每日英語跟讀 Ep.882: Is a Pandemic the Right Time to Start a Business? It Just Might Be 危機即轉機 疫情催生創業潮

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每日英語跟讀 Ep.882: Is a Pandemic the Right Time to Start a Business?

In March, as small businesses across the country were shutting down amid the spreading coronavirus pandemic, Shanel Fields was about to open one up.


For Fields, the timing couldn't have been better. Her company, MD Ally, allows 911 dispatchers and other responders to route nonemergency calls and patients to virtual doctors, to help local governments improve their emergency response systems.

對費爾茲來說,時機可再好不過了。她的公司名叫MD Ally,能協助911緊急求救電話的調度員和其他救難人員,將非緊急電話和病人轉給虛擬醫生,從而幫助地方政府改善他們的緊急救難反應系統。

She's not alone: New businesses are forming despite the pandemic.


Past downturns produced some high-profile U.S. companies: Airbnb, Disney, General Motors, Hewlett-Packard, Microsoft, Slack, Uber and Venmo, to name a few.


“Downturns or challenging times are seen as good times to start a business for two reasons,” said Rashmi Menon, entrepreneur in residence at the University of Michigan's Zell Lurie Institute for Entrepreneurial Studies. “One is, there is less competition for resources. The second reason is that whatever changes we face, positive or negative, bring up new customer needs. And customer needs are at the core of any business.”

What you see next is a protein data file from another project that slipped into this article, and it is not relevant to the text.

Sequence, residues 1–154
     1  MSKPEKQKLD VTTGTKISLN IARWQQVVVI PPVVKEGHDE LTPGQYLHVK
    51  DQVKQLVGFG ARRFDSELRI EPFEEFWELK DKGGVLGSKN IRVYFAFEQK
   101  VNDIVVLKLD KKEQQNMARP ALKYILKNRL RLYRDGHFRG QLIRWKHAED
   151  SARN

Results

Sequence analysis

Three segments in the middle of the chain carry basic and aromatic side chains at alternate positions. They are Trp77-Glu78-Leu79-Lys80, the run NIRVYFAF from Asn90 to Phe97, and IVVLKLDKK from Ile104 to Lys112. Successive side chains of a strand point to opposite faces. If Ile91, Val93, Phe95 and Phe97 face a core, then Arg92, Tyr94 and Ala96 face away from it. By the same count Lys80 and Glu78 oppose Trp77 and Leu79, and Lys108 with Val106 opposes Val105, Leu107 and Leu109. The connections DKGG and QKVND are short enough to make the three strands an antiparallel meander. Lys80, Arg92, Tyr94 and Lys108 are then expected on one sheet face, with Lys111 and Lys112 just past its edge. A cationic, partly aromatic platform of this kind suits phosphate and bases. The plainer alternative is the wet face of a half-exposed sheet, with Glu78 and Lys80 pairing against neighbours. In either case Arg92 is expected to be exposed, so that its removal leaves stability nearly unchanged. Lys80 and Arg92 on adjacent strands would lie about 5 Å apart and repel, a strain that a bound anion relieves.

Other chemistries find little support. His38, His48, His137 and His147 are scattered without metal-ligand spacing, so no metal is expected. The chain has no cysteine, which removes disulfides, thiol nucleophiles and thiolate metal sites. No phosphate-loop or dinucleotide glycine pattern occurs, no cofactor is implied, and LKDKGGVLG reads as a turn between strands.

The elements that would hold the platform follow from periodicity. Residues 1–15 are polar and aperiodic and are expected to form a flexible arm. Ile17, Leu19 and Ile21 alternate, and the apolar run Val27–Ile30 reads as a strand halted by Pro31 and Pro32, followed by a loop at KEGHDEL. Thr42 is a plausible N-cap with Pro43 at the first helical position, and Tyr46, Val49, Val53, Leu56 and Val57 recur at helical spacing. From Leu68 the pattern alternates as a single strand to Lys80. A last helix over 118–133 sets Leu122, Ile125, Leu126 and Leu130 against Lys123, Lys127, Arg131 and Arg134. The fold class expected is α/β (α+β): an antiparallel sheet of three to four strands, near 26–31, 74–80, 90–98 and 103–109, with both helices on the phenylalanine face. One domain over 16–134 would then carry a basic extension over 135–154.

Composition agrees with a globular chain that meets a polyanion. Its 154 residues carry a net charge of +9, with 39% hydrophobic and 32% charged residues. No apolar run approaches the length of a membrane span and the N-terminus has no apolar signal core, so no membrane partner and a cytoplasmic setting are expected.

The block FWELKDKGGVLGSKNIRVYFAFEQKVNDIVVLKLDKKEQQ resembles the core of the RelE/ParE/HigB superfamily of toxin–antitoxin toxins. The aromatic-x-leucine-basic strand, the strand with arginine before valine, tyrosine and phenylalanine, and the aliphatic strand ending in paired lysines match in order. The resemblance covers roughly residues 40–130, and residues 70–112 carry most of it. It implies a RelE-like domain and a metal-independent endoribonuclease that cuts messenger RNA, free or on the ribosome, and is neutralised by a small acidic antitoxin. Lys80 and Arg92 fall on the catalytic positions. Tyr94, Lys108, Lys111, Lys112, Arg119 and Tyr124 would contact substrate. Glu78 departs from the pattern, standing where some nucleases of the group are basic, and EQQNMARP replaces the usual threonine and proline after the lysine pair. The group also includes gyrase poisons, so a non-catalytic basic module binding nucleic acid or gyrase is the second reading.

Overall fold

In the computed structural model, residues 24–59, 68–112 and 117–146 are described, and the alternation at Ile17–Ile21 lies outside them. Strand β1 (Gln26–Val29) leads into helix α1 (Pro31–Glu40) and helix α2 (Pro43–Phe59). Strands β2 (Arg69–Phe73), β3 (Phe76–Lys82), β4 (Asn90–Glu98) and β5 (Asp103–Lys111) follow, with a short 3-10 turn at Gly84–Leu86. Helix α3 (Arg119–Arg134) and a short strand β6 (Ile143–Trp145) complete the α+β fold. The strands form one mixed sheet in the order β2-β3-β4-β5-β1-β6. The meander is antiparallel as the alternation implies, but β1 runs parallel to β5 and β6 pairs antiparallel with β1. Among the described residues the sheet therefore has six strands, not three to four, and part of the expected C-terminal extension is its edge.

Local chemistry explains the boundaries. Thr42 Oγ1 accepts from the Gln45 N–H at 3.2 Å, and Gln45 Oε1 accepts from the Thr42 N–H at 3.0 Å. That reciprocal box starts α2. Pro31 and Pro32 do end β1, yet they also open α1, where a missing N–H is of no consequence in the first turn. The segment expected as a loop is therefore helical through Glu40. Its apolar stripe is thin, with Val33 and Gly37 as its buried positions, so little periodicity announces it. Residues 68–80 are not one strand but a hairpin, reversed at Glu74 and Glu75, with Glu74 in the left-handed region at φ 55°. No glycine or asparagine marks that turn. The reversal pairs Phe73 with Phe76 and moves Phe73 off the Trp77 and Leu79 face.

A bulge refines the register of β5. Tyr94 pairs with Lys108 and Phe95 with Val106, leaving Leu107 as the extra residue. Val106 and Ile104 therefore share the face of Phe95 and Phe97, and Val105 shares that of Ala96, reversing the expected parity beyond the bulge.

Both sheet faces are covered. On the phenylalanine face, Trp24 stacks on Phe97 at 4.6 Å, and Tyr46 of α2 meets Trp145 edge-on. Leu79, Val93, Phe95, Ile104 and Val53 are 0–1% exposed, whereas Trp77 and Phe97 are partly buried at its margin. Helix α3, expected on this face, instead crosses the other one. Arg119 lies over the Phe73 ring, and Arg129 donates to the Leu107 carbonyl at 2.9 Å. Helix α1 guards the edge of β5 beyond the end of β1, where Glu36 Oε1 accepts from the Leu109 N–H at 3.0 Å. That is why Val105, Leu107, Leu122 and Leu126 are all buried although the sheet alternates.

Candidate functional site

For Fields, opening now meant greater access to top talent. She hired her fourth employee and said more than 200 qualified applicants had submitted resumes. And being in the health care sector during a pandemic has raised her profile with funders and governments: MD Ally, which is based in Philadelphia, recently signed its first customer and closed its first round of investment worth $1 million.

對費爾茲而言,現在創業意味著更容易接觸到頂尖人才。她雇用了第四位員工,並表示有200多名符合資格的申請者提交履歷。在疫病大流行期間投入醫療領域,提高了她在投資金主與政府眼中的分量。總部位於費城的MD Ally最近簽下了第一個客戶,並已完成第一輪價值100萬美元的募資。

For others, the timing can mean low interest rates for borrowing startup capital, cheaper equipment as businesses sell off inventory or lower lease rates as landlords scramble to fill empty spaces.


“There are going to be industries that are winners, and others that are going to be losers,” said David Brown, who co-founded the startup accelerator Techstars during the 2008 recession. “I probably wouldn’t want to be in a business right now that caters to business travelers, but I’d love to be in a business that helps enable telemedicine.”


Determining what customers need now, rather than before the pandemic, is crucial. Menon and Brown see opportunity in offering solutions to the challenges that people now face: educating their children, working from home, managing supply chains, getting a haircut or the house cleaned, seeing doctors and therapists, entertaining themselves. Even new restaurants might be successful if they consider the future of customer service rather than recreate old systems.


“If you can find innovative ways for people to feed themselves right now, that might make sense,” Menon said. “You just have to address a need.”


Source article: https://paper.udn.com/udnpaper/POH0067/354160/web/



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